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Brussels, 31 March 2011

eTwinning for cross-border learning: School projects of the year announced

Now in its seventh year, the European Commission’s 'eTwinning' scheme ( involves more than 130,000 teachers in 31 countries who are using information and communication technologies (ICT) to set up cross-border educational projects. 500 teachers and 120 pupils are meeting in Budapest on 31 March-2 April to share ideas for future eTwinning initiatives and to celebrate the eight best eTwinning projects of the year, involving schools from Austria, Cyprus, Finland, France, Greece, Hungary, Italy, Poland, Romania, Slovakia, Spain and Turkey.

Androulla Vassiliou, European Commissioner for Education, Culture, Multilingualism and Youth, said: “The eTwinning initiative has been a success story from the start. It promotes learning and creativity, as well as giving young people a sense of pride in being 'European'. eTwinning has no fixed agenda – it includes everything from encouraging youngsters to use their school library to promoting language learning. Above all, it's about using ICT to help children achieve their full potential.”

eTwinning awards

The eight winning projects were selected from more than over 300 submissions and are divided into three age categories: 4-11, 12-15 and 16-19. Each is an example of innovative practice in which at least two schools from different countries have been learning together in a new and creative way.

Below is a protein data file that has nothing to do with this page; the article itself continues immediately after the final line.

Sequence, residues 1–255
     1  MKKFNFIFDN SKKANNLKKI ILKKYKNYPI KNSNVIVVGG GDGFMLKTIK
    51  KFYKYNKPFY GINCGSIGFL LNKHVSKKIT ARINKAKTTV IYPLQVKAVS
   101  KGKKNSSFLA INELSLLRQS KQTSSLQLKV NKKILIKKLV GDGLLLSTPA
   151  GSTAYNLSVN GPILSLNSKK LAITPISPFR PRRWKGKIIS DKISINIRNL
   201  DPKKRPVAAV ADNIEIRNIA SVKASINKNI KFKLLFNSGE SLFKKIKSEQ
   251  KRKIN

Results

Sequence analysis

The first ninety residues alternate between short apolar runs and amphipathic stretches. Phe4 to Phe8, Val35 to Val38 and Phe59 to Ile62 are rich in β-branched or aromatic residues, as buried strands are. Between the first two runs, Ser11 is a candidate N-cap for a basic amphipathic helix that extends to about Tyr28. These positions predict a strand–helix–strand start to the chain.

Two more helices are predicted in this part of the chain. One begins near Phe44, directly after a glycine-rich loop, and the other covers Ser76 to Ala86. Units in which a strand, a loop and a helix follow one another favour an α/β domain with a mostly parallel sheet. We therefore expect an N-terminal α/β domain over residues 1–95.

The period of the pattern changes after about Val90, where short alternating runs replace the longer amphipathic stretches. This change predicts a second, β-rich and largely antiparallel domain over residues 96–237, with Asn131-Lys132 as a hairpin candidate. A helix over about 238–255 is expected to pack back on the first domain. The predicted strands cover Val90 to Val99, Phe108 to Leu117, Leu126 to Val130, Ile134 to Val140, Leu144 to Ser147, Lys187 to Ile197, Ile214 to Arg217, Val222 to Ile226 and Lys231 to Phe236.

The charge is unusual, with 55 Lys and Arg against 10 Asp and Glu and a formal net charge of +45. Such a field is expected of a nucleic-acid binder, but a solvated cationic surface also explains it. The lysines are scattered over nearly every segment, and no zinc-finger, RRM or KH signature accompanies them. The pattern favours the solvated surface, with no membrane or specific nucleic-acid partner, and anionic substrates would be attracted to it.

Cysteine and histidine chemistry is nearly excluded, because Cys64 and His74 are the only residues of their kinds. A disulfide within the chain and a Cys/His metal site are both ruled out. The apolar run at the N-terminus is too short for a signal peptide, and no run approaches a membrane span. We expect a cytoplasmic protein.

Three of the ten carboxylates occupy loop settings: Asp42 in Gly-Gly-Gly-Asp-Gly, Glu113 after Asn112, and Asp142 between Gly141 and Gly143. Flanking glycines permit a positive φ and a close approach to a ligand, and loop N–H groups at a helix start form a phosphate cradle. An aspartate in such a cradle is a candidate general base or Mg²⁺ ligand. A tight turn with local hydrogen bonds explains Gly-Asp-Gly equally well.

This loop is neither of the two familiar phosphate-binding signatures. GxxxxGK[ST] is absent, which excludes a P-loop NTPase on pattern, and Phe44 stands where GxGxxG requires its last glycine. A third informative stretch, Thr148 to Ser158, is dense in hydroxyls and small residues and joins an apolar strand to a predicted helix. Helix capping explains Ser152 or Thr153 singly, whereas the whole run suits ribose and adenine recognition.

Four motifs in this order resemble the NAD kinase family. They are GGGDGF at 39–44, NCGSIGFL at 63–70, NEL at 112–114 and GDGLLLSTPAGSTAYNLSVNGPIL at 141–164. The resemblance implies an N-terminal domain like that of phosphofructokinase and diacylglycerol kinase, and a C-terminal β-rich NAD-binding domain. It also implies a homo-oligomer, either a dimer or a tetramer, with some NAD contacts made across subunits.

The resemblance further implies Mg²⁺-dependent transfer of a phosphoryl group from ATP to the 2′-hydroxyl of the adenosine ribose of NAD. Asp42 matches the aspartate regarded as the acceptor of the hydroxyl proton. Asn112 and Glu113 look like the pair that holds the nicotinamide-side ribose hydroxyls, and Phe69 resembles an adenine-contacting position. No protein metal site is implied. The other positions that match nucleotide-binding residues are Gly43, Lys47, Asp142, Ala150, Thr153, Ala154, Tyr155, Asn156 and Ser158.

In addition, there are also special categories for maths and science, language learning in French, Spanish and Italian, and a special prize, sponsored by the Commission, for studying the language of a neighbouring country. One school from France (Lycée Benjamin Franklin, Auray, Brittany) and two from Spain (IES Doctor Alarcón Santón, La Roda, IES Melchor de Macanaz, Hellín) will receive the award for a project which encouraged pupils to study the roots of modern romance languages. The special prize has been strongly supported by Commissioner Vassilliou, who in February launched the initiative, "What language does your neighbour speak?"

What is eTwinning?

eTwinning uses ICT-based support, tools and services to make it easier for schools to form partnerships in any subject area.

The scheme is part of the EU's Comenius programme and receives around €10 million in funding each year. It does not finance individual projects but offers tools and support to teachers and pupils such as the eTwinning portal ( and seminars for teachers.

National Support Services, organisations or institutions which represent and promote eTwinning in all EU countries plus Croatia, Iceland, Norway and Turkey, provide training and support by phone and online, organise meetings and national competitions, and run PR campaigns.

To find out more:

eTwinning Portal :

eTwinning Conference & Camp website :

eTwinning prize winners 2011:

European Commission: Comenius programme

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